Earlier this week, I presented to a group of 15 Parliamentarians, plus a couple of dozen staffers, at an event we co-sponsored called the Parliamentary Digital Bootcamp. This was an initiative that we partnered with Google and Facebook on, designed to educate new MPs on how they can utilise the Internet in their work.
We invite guest posts on our InternetNZ blog from members. We do not necessarily endorse the position being taken, however we support open dialogue. This blog post comes from Vivian Chandra from Amnesty International.
Every year InternetNZ gives away money to a bunch of different people and organisations to improve the Internet and our use of it. We do it because our vision is for a better world through a better Internet, and to achieve that vision, we recognise that we are in a position where we can help make others make it a reality.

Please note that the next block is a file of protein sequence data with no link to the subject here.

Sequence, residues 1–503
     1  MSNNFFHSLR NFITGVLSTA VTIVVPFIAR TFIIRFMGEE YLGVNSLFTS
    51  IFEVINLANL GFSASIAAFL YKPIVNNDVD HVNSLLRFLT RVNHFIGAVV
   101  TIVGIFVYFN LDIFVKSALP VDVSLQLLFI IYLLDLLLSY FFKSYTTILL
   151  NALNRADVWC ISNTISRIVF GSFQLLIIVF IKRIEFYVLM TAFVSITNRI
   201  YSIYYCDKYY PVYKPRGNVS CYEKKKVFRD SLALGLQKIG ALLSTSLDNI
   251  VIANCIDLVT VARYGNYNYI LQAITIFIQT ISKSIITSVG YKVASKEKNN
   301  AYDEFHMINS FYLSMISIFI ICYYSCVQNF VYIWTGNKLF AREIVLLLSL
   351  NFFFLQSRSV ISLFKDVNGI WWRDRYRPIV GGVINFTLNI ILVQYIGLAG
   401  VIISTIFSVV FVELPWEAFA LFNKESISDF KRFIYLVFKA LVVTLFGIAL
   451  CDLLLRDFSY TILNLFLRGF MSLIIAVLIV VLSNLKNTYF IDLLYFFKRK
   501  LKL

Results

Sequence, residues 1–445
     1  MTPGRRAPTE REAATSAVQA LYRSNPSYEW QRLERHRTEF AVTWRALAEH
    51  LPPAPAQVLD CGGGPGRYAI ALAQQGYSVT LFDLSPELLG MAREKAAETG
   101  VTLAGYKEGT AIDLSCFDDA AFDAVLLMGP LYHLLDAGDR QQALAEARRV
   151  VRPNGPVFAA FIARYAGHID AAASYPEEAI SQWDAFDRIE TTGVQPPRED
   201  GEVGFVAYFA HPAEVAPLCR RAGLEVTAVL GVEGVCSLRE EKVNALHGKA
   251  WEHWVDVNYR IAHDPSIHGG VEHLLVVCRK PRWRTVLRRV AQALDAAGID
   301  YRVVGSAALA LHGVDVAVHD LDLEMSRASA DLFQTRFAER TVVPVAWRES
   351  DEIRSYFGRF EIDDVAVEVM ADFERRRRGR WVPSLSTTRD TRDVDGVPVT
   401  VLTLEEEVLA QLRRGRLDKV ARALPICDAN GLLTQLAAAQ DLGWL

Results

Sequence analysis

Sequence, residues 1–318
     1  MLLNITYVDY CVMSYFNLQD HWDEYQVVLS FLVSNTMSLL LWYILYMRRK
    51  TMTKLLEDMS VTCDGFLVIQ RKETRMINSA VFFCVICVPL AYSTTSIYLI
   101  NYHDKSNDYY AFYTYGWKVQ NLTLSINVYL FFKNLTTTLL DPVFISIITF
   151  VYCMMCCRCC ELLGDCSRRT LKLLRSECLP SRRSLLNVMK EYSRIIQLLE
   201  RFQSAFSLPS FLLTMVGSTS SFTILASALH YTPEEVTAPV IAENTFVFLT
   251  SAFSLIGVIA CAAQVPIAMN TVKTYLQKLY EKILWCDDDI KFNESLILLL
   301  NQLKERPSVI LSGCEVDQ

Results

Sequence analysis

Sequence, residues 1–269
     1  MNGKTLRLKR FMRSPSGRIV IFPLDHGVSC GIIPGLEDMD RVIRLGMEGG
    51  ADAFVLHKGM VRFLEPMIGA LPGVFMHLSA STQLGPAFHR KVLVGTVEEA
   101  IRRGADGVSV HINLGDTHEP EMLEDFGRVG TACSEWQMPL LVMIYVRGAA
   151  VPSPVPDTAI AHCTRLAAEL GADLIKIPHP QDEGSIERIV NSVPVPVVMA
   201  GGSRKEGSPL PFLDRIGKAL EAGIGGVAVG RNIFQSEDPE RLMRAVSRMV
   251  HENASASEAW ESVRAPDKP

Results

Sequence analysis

Network Neutrality, a much-used-and-abused term, talks about discrimination between types or sources of content (positive or negative) that is not to do with normal network load/demand management. It's been in the news because the United States telco regulator has changed how it approaches the subject - planning to regulate for strong neutrality provisions.
During the last NZNOG meeting in Rotorua, Geoff Huston presented an interesting result from APNIC's continuous research in DNSSEC validation deployment in New Zealand: the country reached a level of 15% of validation among a sample of users. Although these numbers are well below the level of adoption in other countries, like the US with 21.6%, these are at the same level of Australia and a lot better than the UK with 5%, this result carries a surprise: the same metric was sitting at the 8% level in December 2014.